The Sainte Croix lake, or Lac de Sainte Croix in French, is located in southeastern France in the Alpes-de-Haute-Provence region. It is a popular place for sightseeing, kayaking and other outdoor activites. Best known for its teareye shape and pristine blue waters, it is one of the most beloved attractions of the area.
HOW TO GET THERE
The only way to get to Sainte Croix lake is by car. Beach activities are accessible through the neighbouring villages at Sainte-Croix-du-Verdon, Bauduen and Les Salles sur Verdon.
The Sainte Croix lake is a man-made lake formed by the construction of the Dam of Sainte Croix in the early 70s. Where the lake water flows today originally lied a village called Salles-sur-Verdon, which was engulfed by the flooding waters. Today the landscape has adapted to this new man-made treasure. Who knows what mysteries still lie beneath this blue-water lake?
The lake is a popular spot for kayak enthousiasts, who flock here every year during summer to enjoy their time soaking up the sun and maybe take a dip in the turquoise waters. Rowing upstream you'll find yourself between the towering canyons of Gorges de Verdon, which is considered to be one of the most beautiful canyons in Europe.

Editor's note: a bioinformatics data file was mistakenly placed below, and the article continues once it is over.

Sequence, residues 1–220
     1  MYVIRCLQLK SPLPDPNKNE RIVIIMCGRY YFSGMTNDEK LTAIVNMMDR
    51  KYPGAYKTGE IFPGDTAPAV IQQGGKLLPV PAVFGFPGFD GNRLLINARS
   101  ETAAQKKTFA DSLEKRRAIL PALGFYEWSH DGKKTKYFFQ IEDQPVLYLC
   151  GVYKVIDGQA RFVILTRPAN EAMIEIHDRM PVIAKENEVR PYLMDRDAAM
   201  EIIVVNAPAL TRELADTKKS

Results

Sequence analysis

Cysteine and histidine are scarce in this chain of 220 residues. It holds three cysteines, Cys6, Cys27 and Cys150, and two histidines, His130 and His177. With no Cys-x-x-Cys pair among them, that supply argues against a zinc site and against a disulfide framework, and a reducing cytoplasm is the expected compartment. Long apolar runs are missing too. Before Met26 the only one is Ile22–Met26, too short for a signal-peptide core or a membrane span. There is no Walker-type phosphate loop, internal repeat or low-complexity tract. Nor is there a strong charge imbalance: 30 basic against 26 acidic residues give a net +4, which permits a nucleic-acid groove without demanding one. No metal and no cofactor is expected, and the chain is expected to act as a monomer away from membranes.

For those less keen on atheletic activites, there are paddle boats avaible for rent. This is a more comfortable option to explore the crystal clear waters. Just remember to bring your sun screen with you as the sun's reflection in the water may take a double toll on your skin.
A 5 minute drive away and you'll find yourself in what looks like the set of the Sound of the Music. Lie down, take in the sweet aromas of the Lavenders and you'll truly feel like you're back in the 50s in the Austrian countryside singing along with Julie Andrews. From lushous lavender fields to inviting small villages, the abundance of what there is to do in Provence is a region with plenty to offer.
Not far from the Lac de Sainte Croix is a charming little village called Moustiers-Sainte-Marie. We would recommend taking a short lunch break over there or unwind at one of the river-side cafés.
Written and photographed by Pierre Ieong